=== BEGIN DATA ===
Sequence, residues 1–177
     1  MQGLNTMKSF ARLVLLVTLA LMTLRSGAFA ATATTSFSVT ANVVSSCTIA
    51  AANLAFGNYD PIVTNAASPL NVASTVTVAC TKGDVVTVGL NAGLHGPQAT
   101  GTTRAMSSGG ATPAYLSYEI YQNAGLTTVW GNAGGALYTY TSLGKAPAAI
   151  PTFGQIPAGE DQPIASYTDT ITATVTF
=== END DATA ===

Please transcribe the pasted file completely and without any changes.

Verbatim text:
Sequence, residues 1–177
     1  MQGLNTMKSF ARLVLLVTLA LMTLRSGAFA ATATTSFSVT ANVVSSCTIA
    51  AANLAFGNYD PIVTNAASPL NVASTVTVAC TKGDVVTVGL NAGLHGPQAT
   101  GTTRAMSSGG ATPAYLSYEI YQNAGLTTVW GNAGGALYTY TSLGKAPAAI
   151  PTFGQIPAGE DQPIASYTDT ITATVTF